Maybe you’ve heard about dry brushing before. From a woman in your life or your wellness-obsessed, yoga-going coworker. Perhaps you’re not familiar with dry brushing at all. In any case, let us break it down for you and dispel some of the myths surrounding the phenomenon.
Joshua Zeichner, MD, director of cosmetic and clinical research in dermatology at Mount Sinai, explains dry brushing like this: It’s simply the process of using a brush with stiff bristles against the skin. The dry refers to you doing this while your skin and the brush are both dry—not in the shower. “Typically, the brushes that are used have long, natural bristles that offer firm resistance against the skin,” he says. “Which, in turn, helps exfoliate dead cells from the skin surface and enhance blood flow.”
With roots in ancient healing practices, dry brushing has suddenly become wildly popular in the US. The process is surrounded with the usual detox “mumbo jumbo” that comes with most wellness fads. And while there’s no evidence that it does anything for your kidneys or liver, there are some real benefits to be had. Here’s why you should pick up a brush.
First and foremost, running the brush over you skin before your morning shower feels pretty damn great. The first few passes have a subtle hurts-so-good sensation. Then you become somewhat accused to the feeling and it becomes almost therapeutic and meditative. But the stimulation leaves you feeling energized.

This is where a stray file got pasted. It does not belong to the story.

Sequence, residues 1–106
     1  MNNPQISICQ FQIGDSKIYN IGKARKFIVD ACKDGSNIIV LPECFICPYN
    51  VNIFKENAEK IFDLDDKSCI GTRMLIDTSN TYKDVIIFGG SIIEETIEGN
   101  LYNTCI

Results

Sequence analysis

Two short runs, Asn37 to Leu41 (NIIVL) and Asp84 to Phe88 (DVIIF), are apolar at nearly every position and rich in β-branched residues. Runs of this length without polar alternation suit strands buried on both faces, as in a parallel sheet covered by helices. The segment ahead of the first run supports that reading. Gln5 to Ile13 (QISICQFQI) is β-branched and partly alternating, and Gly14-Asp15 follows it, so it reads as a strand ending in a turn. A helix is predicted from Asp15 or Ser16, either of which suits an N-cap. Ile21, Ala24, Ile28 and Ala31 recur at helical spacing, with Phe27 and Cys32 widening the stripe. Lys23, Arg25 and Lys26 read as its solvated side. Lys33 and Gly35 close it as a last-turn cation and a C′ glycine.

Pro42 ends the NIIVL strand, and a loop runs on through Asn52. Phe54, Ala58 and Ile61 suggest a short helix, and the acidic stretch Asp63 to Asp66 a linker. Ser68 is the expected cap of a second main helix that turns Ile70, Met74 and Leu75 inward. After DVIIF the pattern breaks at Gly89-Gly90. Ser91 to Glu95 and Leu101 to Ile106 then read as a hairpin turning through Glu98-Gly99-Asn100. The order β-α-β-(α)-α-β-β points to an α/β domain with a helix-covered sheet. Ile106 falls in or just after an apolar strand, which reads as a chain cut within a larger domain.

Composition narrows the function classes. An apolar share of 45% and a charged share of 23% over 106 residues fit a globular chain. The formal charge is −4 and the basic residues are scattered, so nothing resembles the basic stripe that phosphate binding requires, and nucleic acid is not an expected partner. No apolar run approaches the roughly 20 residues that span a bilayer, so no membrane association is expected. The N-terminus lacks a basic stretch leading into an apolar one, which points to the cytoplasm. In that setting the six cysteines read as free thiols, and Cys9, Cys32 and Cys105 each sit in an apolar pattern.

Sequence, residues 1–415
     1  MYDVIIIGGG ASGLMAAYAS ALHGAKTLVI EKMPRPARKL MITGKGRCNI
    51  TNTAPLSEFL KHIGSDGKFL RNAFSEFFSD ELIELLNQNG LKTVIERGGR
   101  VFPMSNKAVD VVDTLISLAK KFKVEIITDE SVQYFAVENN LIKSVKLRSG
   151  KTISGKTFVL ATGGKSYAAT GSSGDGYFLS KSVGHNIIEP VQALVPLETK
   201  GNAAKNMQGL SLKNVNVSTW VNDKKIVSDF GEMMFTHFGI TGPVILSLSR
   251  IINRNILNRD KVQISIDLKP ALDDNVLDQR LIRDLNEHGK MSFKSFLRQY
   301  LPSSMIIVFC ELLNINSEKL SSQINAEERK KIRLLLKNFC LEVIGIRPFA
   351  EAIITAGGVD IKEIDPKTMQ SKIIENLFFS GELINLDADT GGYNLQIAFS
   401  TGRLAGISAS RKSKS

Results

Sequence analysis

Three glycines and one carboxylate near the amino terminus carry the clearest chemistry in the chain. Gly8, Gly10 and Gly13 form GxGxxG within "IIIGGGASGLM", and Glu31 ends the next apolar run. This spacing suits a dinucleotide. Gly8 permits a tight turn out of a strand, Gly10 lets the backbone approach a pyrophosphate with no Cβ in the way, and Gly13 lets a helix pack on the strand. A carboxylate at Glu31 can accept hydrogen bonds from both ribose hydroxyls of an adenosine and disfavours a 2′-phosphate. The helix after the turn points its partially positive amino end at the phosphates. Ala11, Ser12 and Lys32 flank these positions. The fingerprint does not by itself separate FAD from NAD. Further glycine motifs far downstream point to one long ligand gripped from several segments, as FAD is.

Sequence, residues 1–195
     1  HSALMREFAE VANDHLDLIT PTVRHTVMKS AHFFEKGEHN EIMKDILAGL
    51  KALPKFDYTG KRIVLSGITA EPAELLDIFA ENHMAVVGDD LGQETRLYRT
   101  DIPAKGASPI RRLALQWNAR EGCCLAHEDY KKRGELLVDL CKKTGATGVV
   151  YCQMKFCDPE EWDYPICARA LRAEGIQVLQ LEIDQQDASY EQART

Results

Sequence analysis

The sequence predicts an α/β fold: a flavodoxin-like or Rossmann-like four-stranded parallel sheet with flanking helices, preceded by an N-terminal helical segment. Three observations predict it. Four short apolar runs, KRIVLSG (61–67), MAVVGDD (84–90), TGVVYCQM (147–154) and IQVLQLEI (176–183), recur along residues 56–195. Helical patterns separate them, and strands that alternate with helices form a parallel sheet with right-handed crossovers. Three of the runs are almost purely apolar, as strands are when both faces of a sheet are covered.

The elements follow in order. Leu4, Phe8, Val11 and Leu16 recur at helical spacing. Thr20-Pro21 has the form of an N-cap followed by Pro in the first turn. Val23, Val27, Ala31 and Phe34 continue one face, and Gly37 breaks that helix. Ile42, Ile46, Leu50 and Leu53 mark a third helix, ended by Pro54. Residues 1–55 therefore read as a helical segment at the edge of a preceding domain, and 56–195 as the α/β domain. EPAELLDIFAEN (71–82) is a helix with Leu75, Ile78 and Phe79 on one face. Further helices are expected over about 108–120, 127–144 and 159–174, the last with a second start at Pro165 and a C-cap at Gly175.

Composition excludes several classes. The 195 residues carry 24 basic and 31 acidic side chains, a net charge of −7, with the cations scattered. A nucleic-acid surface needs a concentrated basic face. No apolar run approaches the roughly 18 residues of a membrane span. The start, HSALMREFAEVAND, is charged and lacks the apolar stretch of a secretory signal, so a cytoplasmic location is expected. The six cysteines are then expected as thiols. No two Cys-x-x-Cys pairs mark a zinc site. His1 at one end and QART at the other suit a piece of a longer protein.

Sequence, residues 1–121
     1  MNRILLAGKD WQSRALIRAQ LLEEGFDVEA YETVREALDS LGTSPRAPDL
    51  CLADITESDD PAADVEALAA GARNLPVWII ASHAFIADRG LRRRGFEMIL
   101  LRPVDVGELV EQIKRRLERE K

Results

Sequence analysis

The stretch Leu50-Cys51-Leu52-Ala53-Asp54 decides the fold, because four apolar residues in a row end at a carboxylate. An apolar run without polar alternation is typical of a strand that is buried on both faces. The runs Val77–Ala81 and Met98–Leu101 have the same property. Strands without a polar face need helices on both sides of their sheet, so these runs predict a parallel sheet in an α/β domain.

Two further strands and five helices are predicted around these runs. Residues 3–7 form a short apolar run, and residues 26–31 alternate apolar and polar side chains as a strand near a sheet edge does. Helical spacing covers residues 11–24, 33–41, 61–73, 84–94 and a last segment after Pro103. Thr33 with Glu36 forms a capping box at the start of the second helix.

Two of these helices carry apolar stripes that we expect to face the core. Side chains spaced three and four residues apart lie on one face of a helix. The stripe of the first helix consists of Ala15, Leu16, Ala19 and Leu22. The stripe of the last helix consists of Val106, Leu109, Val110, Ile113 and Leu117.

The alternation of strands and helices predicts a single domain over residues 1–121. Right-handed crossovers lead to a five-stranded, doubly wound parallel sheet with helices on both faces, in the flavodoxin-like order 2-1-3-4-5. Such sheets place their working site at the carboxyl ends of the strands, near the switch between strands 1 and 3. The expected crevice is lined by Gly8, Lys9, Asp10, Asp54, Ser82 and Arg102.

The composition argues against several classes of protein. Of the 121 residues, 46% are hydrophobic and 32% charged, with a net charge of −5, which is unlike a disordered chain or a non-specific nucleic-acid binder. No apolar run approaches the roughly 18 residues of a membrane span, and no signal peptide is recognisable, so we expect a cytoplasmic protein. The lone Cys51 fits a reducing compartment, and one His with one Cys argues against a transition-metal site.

There are real health benefits
You skin is your largest organ and regular exfoliation is key to keeping it healthy by shedding dead skin. Dry brushing also increases blood flow to the surface of the skin which encourages cell regeneration. And according to the Cleveland Clinic, it stimulates and promotes lymph flow and drainage. The lymphatic system is responsible for collecting and transporting waste to the blood—crucial for optimal immunity—which is why dry brushing is often touted as “detoxifying.”
You look and feel better
Your skin will be noticeably smoother after regular dry brushing, thanks to exfoliation. But you might also notice more muscle tone in the mirror as well. Dry brushing activates the nervous system, which stimulates the muscle fibers located just below the skin. The boost in circulation also delivers a surge of oxygen-rich blood to muscles to help with recovery and toning. Through this mechanism, dry brushing is able to tighten skin, improving its overall texture.
It takes less than five minutes
Start at your feet and brush upward towards your heart. Similarly, when you start on your arms, begin at the back of your hands and work up toward your shoulder. Brush up your stomach toward the heart, and in from the shoulders over your chest. Use firm, small strokes but don’t press too hard or go over an area too many times. A quick once over a few times a week will suffice.